But a chassis made of a composite such as graphite is much lighter than any other practical alternative, and allows almost all the required weight to be concentrated at the ends of the head.  This is solution adopted in the Series 4 head.

The weight of the head

This is a matter of personal preference. The lighter the head, the more extreme the ratio that can be achieved in a stop shot (this is not the only factor, but a key one), and - for many people - the easier it is to control the mallet head at higher speeds. But too light a head can make it hard to achieve sufficeiently powerful rolls, particularly across a heavy lawn.

It seems clear from our experiments that the optimum weight depends on the power efficiency of the mallet: if the mallet transfers energy efficiently from head to ball, then it is possible to obtain the benefits of a lighter head without sacfificing the long roll.

The Series 4 head is made in 3 weights between 2¼  lb and 2½ lb.

The length of the head

For many people, this is matter of personal taste. But there is no doubt that a longer head provides a bigger moment of inertia. And lining up is more accurate with a longer head. So we recommend about 12”.  We note that many player have experimented with longer heads, and rarely retreat from a length of up to 12".  But a fair proportion of players who experiment with 13" go back to 12"; 13" seems for many to be a bridge too far.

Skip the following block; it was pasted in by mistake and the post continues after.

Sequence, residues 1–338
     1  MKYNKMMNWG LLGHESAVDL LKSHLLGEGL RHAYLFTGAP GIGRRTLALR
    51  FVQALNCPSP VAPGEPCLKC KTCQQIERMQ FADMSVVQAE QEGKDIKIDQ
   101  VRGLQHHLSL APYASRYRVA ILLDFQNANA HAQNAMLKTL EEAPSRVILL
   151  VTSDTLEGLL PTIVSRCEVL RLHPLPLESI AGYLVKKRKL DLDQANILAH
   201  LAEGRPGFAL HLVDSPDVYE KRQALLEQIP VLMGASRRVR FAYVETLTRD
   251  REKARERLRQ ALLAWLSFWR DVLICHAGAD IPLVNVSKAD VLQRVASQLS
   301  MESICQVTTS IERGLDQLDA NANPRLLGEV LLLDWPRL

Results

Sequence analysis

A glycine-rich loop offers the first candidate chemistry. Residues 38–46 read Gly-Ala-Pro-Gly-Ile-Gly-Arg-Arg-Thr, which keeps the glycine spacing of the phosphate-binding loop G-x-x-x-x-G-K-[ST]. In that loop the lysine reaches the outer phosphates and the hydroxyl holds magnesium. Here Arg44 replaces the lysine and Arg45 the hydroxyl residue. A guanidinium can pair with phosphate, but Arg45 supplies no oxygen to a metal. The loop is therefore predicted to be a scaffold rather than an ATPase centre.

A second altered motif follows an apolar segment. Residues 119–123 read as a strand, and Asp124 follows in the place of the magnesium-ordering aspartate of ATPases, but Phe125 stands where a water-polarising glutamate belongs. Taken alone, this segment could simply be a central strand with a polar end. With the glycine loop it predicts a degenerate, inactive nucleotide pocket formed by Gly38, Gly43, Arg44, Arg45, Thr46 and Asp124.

The width of the head

A narrower head allows a little bit more nifty play around the hoops, but the real effect here is fairly marginal. So we make heads a little under 2½ inches wide. Too narrow a head seems to be off-putting to most players, and a head of around 2½ inches wide reduces the risk of mishitting rolls.

The height of the head

Our testing has suggested this makes little practical difference. We make them just over 2 inches deep.

Friction at the mallet head

Testing suggests this makes no difference.

The Shape of the Head

Some manufacturers make “boat shape” heads, such that head is deeper in the middle than at either end.

We think that this is not misguided, but counter-productive, for two reasons:

  • It puts more mass around the middle section of the head, where is not wanted, instead of at the extremities, where it is wanted.
  • It impedes the accuracy of the flat sweep shot.